Bi- and trilayer graphene solutions

Abstract

Bilayer and trilayer graphene with controlled stacking is emerging as one of the most promising candidates for post-silicon nanoelectronics. However, it is not yet possible to produce large quantities of bilayer or trilayer graphene with controlled stacking, as is required for many applications. Here, we demonstrate a solution-phase technique for the production of large-area, bilayer or trilayer graphene from graphite, with controlled stacking. The ionic compounds iodine chloride (ICl) or iodine bromide (IBr) intercalate the graphite starting material at every second or third layer, creating second- or third-stage controlled graphite intercolation compounds, respectively. The resulting solution dispersions are specifically enriched with bilayer or trilayer graphene, respectively. Because the process requires only mild sonication, it produces graphene flakes with areas as large as 50 µm2. Moreover, the electronic properties of the flakes are superior to those achieved with other solution-based methods; for example, unannealed samples have resistivities as low as 1 kΩ and hole mobilities as high as 400 cm2 V–1 s–1. The solution-based process is expected to allow high-throughput production, functionalization, and the transfer of samples to arbitrary substrates.

Access options

Rent or Buy article

Get time limited or full article access on ReadCube.

from$8.99

All prices are NET prices.

Figure 1: Graphene dispersions from ionic graphite intercalation compounds (GIC).
Figure 2: On-chip separation method based on graphene size, using the ‘coffee-ring effect’.
Figure 3: Characterization of graphene flakes.
Figure 4: Evidence for layer- and size-controlled graphene dispersions from different GICs.
Figure 5: Electronic characteristics of bilayer and 3–4-layer graphene devices in the presence of a perpendicular electric field at room temperature.

References

  1. 1

    Geim, A. K. & Novoselov, K. S. The rise of graphene. Nature Mater. 6, 183–191 (2007).

  2. 2

    Ohta, T. et al. Controlling the electronic structure of bilayer graphene. Science 313, 951–954 (2006).

  3. 3

    Zhang, Y. B. et al. Direct observation of a widely tunable bandgap in bilayer graphene. Nature 459, 820–823 (2009).

  4. 4

    Craciun, M. F. et al. Trilayer graphene is a semimetal with a gate-tunable band overlap. Nature Nanotech. 4, 383–388 (2009).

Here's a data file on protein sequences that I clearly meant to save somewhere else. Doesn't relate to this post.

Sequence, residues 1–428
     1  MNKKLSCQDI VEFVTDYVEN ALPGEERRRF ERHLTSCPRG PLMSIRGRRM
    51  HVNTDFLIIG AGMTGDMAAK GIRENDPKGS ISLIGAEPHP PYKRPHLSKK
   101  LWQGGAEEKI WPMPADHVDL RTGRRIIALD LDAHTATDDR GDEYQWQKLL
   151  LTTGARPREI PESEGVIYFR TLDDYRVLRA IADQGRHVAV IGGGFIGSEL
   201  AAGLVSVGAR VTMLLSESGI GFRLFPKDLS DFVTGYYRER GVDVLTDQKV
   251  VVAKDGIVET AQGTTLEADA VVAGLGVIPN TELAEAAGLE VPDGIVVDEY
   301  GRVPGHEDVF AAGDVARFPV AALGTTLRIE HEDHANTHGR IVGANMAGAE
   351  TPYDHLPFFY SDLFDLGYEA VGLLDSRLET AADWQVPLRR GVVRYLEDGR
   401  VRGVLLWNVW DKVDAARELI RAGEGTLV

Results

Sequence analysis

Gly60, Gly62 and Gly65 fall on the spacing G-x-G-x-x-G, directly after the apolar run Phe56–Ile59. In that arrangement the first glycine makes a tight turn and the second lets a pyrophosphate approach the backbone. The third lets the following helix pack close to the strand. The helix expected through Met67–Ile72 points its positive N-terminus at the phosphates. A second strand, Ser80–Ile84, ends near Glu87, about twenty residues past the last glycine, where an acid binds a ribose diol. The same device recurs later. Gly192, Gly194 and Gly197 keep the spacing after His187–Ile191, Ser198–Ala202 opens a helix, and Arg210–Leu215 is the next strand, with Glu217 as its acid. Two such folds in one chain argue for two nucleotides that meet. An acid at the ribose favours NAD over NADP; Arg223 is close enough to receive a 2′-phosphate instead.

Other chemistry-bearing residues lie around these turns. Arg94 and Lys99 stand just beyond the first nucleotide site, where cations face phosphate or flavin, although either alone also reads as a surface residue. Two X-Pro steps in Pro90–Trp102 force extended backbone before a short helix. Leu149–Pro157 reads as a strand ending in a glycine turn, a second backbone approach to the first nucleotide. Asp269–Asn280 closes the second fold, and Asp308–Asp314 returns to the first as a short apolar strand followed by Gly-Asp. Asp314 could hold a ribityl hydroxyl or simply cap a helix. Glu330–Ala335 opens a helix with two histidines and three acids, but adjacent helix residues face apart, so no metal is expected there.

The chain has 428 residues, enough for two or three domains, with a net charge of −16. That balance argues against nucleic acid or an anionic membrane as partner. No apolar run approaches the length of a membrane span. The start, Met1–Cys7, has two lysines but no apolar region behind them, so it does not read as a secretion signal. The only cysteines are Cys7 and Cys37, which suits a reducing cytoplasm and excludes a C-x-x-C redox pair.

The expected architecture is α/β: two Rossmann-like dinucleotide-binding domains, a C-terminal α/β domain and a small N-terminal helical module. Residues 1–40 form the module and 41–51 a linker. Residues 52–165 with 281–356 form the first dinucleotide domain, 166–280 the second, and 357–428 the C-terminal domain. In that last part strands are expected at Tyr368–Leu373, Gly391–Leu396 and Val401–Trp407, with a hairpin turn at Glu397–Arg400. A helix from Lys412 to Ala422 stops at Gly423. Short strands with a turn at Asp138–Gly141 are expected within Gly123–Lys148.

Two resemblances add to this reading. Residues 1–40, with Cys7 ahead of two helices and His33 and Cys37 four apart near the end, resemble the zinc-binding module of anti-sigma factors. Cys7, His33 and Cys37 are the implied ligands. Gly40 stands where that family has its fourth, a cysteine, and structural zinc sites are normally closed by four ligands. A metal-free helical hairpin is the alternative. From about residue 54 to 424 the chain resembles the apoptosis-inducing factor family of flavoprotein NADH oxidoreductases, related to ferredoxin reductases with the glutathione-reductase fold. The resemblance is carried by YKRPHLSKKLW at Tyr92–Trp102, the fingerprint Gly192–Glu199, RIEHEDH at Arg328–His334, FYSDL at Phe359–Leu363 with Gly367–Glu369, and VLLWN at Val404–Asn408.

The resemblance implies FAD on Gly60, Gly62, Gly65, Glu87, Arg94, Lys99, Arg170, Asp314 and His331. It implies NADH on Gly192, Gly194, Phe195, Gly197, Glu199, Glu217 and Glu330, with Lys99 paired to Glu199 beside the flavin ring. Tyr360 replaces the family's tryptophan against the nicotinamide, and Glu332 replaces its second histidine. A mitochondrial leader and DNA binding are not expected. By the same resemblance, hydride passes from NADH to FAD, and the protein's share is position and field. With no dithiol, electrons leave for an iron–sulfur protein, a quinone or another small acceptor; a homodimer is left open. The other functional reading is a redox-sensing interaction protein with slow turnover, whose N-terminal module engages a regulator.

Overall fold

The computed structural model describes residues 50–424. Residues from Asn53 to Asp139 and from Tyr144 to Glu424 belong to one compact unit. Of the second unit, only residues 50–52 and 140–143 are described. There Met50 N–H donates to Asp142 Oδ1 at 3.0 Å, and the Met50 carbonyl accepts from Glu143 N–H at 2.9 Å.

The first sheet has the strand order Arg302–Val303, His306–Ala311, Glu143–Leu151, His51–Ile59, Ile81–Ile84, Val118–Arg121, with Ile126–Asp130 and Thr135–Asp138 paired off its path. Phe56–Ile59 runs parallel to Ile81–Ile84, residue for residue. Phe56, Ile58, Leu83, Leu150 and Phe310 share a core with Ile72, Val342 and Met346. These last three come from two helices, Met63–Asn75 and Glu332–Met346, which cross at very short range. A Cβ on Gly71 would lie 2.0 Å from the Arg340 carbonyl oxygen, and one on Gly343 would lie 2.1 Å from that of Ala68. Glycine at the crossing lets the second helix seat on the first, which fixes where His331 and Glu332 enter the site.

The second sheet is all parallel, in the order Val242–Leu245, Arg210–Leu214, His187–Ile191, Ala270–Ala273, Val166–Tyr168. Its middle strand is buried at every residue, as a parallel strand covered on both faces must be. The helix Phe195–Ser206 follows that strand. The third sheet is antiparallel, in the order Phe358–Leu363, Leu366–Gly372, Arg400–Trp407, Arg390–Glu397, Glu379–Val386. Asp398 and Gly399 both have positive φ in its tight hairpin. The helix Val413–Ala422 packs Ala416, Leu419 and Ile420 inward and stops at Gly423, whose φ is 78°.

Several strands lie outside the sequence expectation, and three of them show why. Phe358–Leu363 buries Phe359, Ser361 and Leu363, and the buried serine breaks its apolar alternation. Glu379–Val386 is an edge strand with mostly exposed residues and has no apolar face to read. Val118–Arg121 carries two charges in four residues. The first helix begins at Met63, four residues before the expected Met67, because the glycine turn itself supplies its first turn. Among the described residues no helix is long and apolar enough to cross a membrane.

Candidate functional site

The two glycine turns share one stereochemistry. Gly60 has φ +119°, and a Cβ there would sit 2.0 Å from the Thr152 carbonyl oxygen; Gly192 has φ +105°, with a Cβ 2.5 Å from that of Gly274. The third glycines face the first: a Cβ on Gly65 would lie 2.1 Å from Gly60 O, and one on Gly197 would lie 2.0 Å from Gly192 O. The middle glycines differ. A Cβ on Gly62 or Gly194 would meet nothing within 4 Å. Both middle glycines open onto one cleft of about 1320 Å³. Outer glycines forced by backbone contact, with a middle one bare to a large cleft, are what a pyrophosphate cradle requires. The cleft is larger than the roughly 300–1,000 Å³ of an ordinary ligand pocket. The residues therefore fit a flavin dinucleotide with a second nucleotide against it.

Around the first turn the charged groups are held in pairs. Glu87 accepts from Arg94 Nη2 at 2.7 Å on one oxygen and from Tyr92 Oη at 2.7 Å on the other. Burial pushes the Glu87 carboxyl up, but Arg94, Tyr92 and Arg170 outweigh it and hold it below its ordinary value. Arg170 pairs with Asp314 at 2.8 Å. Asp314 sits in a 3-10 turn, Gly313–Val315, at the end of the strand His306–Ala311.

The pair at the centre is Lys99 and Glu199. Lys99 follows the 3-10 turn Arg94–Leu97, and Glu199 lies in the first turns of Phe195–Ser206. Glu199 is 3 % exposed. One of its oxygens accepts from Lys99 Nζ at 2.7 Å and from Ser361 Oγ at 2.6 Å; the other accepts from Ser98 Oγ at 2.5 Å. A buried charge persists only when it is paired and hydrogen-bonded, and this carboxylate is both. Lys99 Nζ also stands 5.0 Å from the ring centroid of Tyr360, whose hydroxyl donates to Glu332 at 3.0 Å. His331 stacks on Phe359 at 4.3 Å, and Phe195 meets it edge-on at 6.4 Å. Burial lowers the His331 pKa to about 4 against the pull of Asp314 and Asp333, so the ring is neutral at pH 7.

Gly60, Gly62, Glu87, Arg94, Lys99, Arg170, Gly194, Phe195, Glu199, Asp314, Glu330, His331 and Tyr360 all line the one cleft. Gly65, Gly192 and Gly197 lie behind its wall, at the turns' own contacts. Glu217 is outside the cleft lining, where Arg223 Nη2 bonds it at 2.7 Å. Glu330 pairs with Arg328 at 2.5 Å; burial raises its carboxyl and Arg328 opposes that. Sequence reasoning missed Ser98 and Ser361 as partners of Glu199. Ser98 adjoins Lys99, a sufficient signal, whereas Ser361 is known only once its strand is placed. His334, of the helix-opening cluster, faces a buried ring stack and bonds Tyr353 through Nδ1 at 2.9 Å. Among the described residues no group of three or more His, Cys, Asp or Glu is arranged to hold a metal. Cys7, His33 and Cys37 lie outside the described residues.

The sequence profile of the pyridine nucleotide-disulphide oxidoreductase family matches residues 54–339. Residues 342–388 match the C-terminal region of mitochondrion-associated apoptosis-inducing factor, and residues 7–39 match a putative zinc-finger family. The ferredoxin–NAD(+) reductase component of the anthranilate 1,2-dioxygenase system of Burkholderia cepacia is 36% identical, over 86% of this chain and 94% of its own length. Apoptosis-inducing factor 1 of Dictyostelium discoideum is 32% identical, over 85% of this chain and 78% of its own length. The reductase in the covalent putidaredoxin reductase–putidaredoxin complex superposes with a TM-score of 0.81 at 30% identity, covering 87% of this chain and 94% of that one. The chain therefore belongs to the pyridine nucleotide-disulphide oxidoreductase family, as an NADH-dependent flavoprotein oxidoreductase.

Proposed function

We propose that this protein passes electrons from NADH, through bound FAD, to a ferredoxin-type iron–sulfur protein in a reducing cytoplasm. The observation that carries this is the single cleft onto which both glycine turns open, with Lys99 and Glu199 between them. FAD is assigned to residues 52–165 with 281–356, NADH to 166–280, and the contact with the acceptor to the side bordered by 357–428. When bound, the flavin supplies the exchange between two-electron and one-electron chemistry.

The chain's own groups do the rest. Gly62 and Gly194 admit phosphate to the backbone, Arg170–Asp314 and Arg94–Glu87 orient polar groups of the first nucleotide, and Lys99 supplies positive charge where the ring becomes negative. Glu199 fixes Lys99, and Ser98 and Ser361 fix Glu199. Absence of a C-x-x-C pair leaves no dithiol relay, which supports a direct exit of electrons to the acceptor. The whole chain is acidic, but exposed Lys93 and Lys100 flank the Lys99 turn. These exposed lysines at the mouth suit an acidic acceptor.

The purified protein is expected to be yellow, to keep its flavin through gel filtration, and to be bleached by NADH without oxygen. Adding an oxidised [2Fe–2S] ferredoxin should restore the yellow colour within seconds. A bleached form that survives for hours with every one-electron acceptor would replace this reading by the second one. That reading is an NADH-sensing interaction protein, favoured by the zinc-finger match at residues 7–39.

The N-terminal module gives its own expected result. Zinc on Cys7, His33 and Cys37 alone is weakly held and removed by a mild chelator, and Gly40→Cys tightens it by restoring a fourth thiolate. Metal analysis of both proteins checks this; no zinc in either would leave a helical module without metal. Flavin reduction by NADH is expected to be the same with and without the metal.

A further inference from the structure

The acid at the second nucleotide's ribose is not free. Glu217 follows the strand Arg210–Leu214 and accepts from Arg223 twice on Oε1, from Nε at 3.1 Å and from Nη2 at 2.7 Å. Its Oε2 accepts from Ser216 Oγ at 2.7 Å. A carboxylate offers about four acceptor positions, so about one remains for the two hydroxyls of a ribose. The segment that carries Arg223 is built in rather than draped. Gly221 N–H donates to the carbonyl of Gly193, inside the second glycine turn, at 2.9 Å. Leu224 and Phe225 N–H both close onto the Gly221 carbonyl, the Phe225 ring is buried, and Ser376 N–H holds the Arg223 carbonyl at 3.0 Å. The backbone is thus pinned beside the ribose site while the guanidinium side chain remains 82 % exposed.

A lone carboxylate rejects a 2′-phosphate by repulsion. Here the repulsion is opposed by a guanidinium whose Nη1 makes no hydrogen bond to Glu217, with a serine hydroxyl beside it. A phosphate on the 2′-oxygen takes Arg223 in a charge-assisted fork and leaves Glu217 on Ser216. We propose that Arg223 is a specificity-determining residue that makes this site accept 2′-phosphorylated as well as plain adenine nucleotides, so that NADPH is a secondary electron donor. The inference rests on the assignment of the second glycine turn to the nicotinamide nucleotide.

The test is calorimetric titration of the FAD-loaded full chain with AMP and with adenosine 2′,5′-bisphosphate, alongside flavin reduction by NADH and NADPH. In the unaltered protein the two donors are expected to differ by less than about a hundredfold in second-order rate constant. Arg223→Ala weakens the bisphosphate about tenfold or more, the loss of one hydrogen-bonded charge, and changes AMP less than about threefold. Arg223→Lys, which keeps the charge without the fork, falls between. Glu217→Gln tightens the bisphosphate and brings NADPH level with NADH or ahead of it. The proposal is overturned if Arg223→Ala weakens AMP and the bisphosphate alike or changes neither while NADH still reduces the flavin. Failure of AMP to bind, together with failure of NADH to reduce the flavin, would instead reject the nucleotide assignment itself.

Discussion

5. 5

    Zhou, S. Y. et al. Substrate-induced bandgap opening in epitaxial graphene. Nature Mater. 6, 916–916 (2007).

  6. 6

    Novoselov, K. S. et al. Two-dimensional atomic crystals. Proc. Natl Acad. Sci. USA 102, 10451–10453 (2005).

  7. 7

    Berger, C. et al. Ultrathin epitaxial graphite: 2D electron gas properties and a route toward graphene-based nanoelectronics. J. Phys. Chem. B 108, 19912–19916 (2004).

  8. 8

    Sutter, P. W., Flege, J. I. & Sutter, E. A. Epitaxial graphene on ruthenium. Nature Mater. 7, 406–411 (2008).

  9. 9

    Reina, A. et al. Large area, few-layer graphene films on arbitrary substrates by chemical vapor deposition. Nano Lett. 9, 30–35 (2009).

  10. 10

    Lee, S., Lee, K. & Zhong, Z. H. Wafer scale homogeneous bilayer graphene films by chemical vapor deposition. Nano Lett. 10, 4702–4707 (2010).

  11. 11

    Castro Neto, A. H., Guinea, F., Peres, N. M. R., Novoselov, K. S. & Geim, A. K. The electronic properties of graphene. Rev. Mod. Phys. 81, 109–162 (2009).

  12. 12

    dos Santos, J. M. B. L., Peres, N. M. R. & Castro, A. H. Graphene bilayer with a twist: electronic structure. Phys. Rev. Lett. 99, 256802 (2007).

  13. 13

    Coleman, J. N. Liquid-phase exfoliation of nanotubes and graphene. Adv. Funct. Mater. 19, 3680–3695 (2009).

  14. 14

    Park, S. & Ruoff, R. S. Chemical methods for the production of graphenes. Nature Nanotech. 4, 217–224 (2009).

  15. 15

    Niyogi, S. et al. Solution properties of graphite and graphene. J. Am. Chem. Soc. 128, 7720–7721 (2006).

  16. 16

    Stankovich, S. et al. Synthesis of graphene-based nanosheets via chemical reduction of exfoliated graphite oxide. Carbon 45, 1558–1565 (2007).

  17. 17

    Li, D., Muller, M. B., Gilje, S., Kaner, R. B. & Wallace, G. G. Processable aqueous dispersions of graphene nanosheets. Nature Nanotech. 3, 101–105 (2008).

  18. 18

    Tung, V. C., Allen, M. J., Yang, Y. & Kaner, R. B. High-throughput solution processing of large-scale graphene. Nature Nanotech. 4, 25–29 (2009).

  19. 19

    Wang, S. et al. High mobility, printable, and solution-processed graphene electronics. Nano Lett. 10, 92–98 (2010).

  20. 20

    Gomez-Navarro, C. et al. Atomic structure of reduced graphene oxide. Nano Lett. 10, 1144–1148 (2010).

  21. 21

    Bagri, A. et al. Structural evolution during the reduction of chemically derived graphene oxide. Nature Chem. 2, 581–587 (2010).

  22. 22

    Becerril, H. A. et al. Evaluation of solution-processed reduced graphene oxide films as transparent conductors. ACS Nano 2, 463–470 (2008).

  23. 23

    Blake, P. et al. Graphene-based liquid crystal device. Nano Lett. 8, 1704–1708 (2008).

  24. 24

    Hernandez, Y. et al. High-yield production of graphene by liquid-phase exfoliation of graphite. Nature Nanotech. 3, 563–568 (2008).

  25. 25

    Shih, C. J., Lin, S., Strano, M. S. & Blankschtein, D. Understanding the stabilization of liquid-phase-exfoliated graphene in polar solvents: molecular dynamics simulations and kinetic theory of colloid aggregation. J. Am. Chem. Soc. 132, 14638–14648 (2010).

  26. 26

    Lotya, M. et al. Liquid phase production of graphene by exfoliation of graphite in surfactant/water solutions. J. Am. Chem. Soc. 131, 3611–3620 (2009).

  27. 27

    Green, A. A. & Hersam, M. C. Solution phase production of graphene with controlled thickness via density differentiation. Nano Lett. 9, 4031–4036 (2009).

  28. 28

    Green, A. A. & Hersam, M. C. Emerging methods for producing monodisperse graphene dispersions. J. Phys. Chem. Lett. 1, 544–549 (2010).

  29. 29

    Dresselhaus, M. S. & Dresselhaus, G. Intercalation compounds of graphite. Adv. Phys. 30, 139–326 (1981).

  30. 30

    Chung, D. D. L. Graphite. J. Mater. Sci. 37, 1475–1489 (2002).

  31. 31

    Li, X. L. et al. Highly conducting graphene sheets and Langmuir–Blodgett films. Nature Nanotech. 3, 538–542 (2008).

  32. 32